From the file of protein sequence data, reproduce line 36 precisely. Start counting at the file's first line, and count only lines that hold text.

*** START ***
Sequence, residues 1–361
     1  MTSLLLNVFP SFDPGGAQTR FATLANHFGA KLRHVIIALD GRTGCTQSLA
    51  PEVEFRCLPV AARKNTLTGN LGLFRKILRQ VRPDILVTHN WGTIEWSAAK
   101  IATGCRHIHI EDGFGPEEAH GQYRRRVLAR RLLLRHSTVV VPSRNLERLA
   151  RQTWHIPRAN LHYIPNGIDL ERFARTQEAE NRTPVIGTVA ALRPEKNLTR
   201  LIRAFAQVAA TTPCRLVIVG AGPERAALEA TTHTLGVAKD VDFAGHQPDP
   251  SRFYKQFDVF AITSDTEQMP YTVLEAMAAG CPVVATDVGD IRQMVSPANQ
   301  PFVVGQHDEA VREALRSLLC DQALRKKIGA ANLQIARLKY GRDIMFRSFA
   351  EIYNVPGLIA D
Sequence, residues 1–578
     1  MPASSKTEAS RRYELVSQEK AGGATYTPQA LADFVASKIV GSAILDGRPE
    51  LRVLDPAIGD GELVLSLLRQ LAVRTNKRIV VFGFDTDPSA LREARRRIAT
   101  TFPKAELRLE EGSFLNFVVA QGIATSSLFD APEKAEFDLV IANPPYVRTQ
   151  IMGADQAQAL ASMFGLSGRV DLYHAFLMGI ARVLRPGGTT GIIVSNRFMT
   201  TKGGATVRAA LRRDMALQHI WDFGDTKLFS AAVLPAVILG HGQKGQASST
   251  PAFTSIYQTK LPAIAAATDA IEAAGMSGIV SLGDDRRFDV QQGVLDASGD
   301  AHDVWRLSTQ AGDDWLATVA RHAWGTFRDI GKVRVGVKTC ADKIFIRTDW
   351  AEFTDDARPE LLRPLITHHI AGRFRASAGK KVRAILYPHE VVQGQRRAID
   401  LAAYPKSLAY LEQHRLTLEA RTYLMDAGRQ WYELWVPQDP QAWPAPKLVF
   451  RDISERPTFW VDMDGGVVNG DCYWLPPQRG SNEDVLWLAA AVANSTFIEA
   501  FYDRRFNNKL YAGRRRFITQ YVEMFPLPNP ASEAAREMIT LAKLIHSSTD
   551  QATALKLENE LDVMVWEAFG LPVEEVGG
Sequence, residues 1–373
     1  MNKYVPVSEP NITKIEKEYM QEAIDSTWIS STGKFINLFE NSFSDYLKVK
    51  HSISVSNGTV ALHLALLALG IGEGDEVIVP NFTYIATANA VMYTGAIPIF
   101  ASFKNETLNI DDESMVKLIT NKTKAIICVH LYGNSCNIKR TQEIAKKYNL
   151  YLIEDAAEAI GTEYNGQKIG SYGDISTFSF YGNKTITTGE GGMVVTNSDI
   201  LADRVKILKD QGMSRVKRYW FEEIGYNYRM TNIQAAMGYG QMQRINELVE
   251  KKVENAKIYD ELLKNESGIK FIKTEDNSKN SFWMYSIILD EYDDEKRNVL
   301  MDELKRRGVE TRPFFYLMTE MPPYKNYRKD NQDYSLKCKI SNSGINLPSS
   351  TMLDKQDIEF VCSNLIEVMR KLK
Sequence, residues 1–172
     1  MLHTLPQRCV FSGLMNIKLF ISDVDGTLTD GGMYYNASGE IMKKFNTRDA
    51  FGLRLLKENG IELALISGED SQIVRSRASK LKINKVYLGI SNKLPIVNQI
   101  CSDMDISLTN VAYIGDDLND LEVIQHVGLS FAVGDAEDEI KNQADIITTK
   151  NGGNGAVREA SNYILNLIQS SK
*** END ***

   151  NGGNGAVREA SNYILNLIQS SK